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Desperate Dan

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Edited by gettafa

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2 hours ago, foxdaleliberationfront said:

You can be under whatever impression you like. I guess by 'civil defence function' you mean sharing a few posts from the police on Facebook or re-tweeting the Steam Packet. Or you could just be talking bollocks as usual Barrie. 

No I don't mean that and it is not bollocks.

I do not know any self-governing jurisdiction that does not have a local radio station with a civil defence capacity in mind by way of some sort of arrangement.

Some of us recall air raid sirens even in recent decades in the UK associated with nuclear attack. I think until recently anyway the IOM sounded air raid siren tests. Some of us recall the Civil Defence Corps in the UK and the IOM has a Civil Defence unit to this day last I was aware. It turns out for emergencies and happenings.

Civil defence is dealing with unexpected emergencies which may be natural such as storms, warlike in nature, catastrophic such as Summerland, or a ship carrying dangerous substances hitting the coast or blowing up in the harbour. Look at the gas and fuel installations in Douglas. Then there is the power station. A plane crash anywhere maybe. A terrorist attack. Some poison attack as in Salisbury. 

Local radio stations so far as I am aware are linked in to a Civil Defence stance if need be. Look at the radio station in the Falklands at the time of the invasion. In the USA they occasionally run a test to link all local radio stations in a Civil defence mode.

The IOM stands alone and no once can help it out in  a hurry. Therefore it needs a means of communicating with the population in an emergency. It can happen. You would look rather silly if there was a sudden bang and a cloud of smoke and people all over the Island asked "Wot's dat den?"

You need some form of public radio system being self-governing and rather distant. 

https://www.gov.im/categories/home-and-neighbourhood/emergency-services/civil-defence/

 

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30 minutes ago, Barrie Stevens said:

I do not know any self-governing jurisdiction that does not have a local radio station with a civil defence capacity in mind by way of some sort of arrangement.

 

The point is Barrie that there is no need for the massive amounts of taxpayers cash being pissed away on Manx Radio to be wasted in this manner. 

And the fact that a talk show host feels his job is on an equal footing to those of the Police, Fire and Ambulance service is equally laughable as it is offensive to the emergency services. Although maybe it's easy to make that mistake when the output would actually be fit for a mediocre hospital radio station - that's about as close as they will ever come to being an emergency service.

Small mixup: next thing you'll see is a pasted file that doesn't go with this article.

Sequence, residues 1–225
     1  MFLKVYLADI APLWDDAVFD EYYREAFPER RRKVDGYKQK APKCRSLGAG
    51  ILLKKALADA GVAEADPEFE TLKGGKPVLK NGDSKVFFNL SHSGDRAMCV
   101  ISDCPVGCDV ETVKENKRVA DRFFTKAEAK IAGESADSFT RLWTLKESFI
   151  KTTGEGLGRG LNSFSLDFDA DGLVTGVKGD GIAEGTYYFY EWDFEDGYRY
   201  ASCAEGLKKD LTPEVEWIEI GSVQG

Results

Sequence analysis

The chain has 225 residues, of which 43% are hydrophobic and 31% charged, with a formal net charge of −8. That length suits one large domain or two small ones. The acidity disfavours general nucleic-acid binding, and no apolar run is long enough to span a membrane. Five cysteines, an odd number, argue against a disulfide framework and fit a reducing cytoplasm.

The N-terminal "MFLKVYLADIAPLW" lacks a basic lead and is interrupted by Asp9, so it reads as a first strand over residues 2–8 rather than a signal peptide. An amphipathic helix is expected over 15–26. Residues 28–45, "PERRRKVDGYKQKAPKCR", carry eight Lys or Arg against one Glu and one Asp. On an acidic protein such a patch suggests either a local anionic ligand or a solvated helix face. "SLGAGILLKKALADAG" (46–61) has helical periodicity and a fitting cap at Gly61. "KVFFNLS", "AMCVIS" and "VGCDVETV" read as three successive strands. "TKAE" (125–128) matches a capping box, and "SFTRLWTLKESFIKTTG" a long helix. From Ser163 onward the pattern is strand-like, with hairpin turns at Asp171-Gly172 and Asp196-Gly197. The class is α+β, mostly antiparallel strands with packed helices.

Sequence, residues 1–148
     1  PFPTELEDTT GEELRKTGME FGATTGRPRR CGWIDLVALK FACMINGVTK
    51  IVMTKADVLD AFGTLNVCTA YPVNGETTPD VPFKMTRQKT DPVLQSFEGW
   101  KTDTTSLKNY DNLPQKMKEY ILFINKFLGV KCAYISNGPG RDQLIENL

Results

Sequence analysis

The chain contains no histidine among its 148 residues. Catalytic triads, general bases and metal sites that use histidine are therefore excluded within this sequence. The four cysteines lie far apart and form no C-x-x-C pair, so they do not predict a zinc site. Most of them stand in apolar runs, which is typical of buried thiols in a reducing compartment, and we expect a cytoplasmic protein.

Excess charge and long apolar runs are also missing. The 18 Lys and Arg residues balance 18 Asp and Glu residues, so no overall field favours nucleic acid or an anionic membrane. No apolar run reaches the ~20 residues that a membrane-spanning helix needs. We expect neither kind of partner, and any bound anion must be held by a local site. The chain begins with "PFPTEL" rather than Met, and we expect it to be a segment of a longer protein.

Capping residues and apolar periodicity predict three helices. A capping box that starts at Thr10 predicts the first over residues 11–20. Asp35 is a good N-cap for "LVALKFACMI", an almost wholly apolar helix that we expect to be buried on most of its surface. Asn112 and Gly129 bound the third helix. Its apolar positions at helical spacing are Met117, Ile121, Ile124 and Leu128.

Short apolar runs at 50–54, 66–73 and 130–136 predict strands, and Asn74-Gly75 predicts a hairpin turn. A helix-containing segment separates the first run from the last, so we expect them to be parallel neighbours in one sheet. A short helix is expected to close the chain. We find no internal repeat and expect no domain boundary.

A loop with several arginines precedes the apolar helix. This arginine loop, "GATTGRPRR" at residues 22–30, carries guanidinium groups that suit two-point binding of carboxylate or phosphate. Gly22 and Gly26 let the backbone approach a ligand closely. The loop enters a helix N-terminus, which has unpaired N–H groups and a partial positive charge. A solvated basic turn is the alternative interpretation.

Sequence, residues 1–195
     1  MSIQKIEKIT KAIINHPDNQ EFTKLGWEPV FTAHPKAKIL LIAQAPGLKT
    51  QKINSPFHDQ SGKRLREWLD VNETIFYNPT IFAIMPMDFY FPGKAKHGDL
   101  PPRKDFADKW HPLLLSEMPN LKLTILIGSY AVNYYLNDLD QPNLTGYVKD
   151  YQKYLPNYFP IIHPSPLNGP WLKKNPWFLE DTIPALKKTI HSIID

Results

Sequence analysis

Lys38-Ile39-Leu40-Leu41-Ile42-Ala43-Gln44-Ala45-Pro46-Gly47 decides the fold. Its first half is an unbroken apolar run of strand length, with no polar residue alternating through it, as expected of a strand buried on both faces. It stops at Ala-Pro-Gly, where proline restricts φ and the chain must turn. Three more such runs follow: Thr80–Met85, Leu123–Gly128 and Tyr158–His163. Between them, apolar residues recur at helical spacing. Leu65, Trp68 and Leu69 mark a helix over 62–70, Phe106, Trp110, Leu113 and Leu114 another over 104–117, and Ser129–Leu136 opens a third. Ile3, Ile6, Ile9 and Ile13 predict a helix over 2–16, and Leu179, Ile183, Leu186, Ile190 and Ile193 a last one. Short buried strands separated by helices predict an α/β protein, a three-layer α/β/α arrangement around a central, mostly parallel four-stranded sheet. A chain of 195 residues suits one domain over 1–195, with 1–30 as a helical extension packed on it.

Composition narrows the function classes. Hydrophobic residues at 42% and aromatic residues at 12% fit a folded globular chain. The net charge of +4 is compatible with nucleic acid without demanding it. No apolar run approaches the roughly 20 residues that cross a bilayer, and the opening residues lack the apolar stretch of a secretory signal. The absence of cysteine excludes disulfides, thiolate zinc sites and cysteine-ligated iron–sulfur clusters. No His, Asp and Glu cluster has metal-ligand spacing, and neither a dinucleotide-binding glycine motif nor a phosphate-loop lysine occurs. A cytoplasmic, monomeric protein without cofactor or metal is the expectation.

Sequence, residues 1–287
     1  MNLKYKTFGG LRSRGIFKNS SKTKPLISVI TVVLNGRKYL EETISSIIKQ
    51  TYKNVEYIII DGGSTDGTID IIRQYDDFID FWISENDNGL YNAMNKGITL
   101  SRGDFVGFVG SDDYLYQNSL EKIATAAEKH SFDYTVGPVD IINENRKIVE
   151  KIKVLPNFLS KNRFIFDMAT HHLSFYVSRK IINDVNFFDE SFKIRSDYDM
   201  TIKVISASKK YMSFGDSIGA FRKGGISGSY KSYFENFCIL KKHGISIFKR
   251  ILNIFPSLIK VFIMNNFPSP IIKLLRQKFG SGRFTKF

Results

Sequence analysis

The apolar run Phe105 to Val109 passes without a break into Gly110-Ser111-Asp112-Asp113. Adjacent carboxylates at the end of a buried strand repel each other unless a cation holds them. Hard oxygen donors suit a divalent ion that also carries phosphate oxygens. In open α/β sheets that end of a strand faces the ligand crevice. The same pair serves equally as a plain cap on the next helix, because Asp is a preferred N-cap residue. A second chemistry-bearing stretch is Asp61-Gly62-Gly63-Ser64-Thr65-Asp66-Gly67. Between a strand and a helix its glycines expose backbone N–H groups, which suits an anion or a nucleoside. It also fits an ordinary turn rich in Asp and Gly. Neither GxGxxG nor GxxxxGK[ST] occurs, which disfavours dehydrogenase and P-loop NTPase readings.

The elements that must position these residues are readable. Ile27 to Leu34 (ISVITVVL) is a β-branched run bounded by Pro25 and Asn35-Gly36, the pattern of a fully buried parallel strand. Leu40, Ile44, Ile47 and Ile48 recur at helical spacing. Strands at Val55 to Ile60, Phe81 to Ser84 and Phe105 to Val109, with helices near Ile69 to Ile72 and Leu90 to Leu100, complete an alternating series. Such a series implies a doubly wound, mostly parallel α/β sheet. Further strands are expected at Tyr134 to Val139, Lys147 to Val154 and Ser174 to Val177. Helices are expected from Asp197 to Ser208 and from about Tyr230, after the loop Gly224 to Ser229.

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Less than £1m a year for the national broadcaster (setting aside the issue of all licence fee money going to the BBC) is as nothing compared to the £50m per annum by which taxpayers will have to fund the PSPR

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39 minutes ago, Barrie Stevens said:

No I don't mean that and it is not bollocks.

I do not know any self-governing jurisdiction that does not have a local radio station with a civil defence capacity in mind by way of some sort of arrangement.

Some of us recall air raid sirens even in recent decades in the UK associated with nuclear attack. I think until recently anyway the IOM sounded air raid siren tests. Some of us recall the Civil Defence Corps in the UK and the IOM has a Civil Defence unit to this day last I was aware. It turns out for emergencies and happenings.

Civil defence is dealing with unexpected emergencies which may be natural such as storms, warlike in nature, catastrophic such as Summerland, or a ship carrying dangerous substances hitting the coast or blowing up in the harbour. Look at the gas and fuel installations in Douglas. Then there is the power station. A plane crash anywhere maybe. A terrorist attack. Some poison attack as in Salisbury. 

Local radio stations so far as I am aware are linked in to a Civil Defence stance if need be. Look at the radio station in the Falklands at the time of the invasion. In the USA they occasionally run a test to link all local radio stations in a Civil defence mode.

The IOM stands alone and no once can help it out in  a hurry. Therefore it needs a means of communicating with the population in an emergency. It can happen. You would look rather silly if there was a sudden bang and a cloud of smoke and people all over the Island asked "Wot's dat den?"

You need some form of public radio system being self-governing and rather distant. 

https://www.gov.im/categories/home-and-neighbourhood/emergency-services/civil-defence/

 

 

In the instance of a grave national emergency IOMG will issue a press release

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18 minutes ago, Donald Trumps said: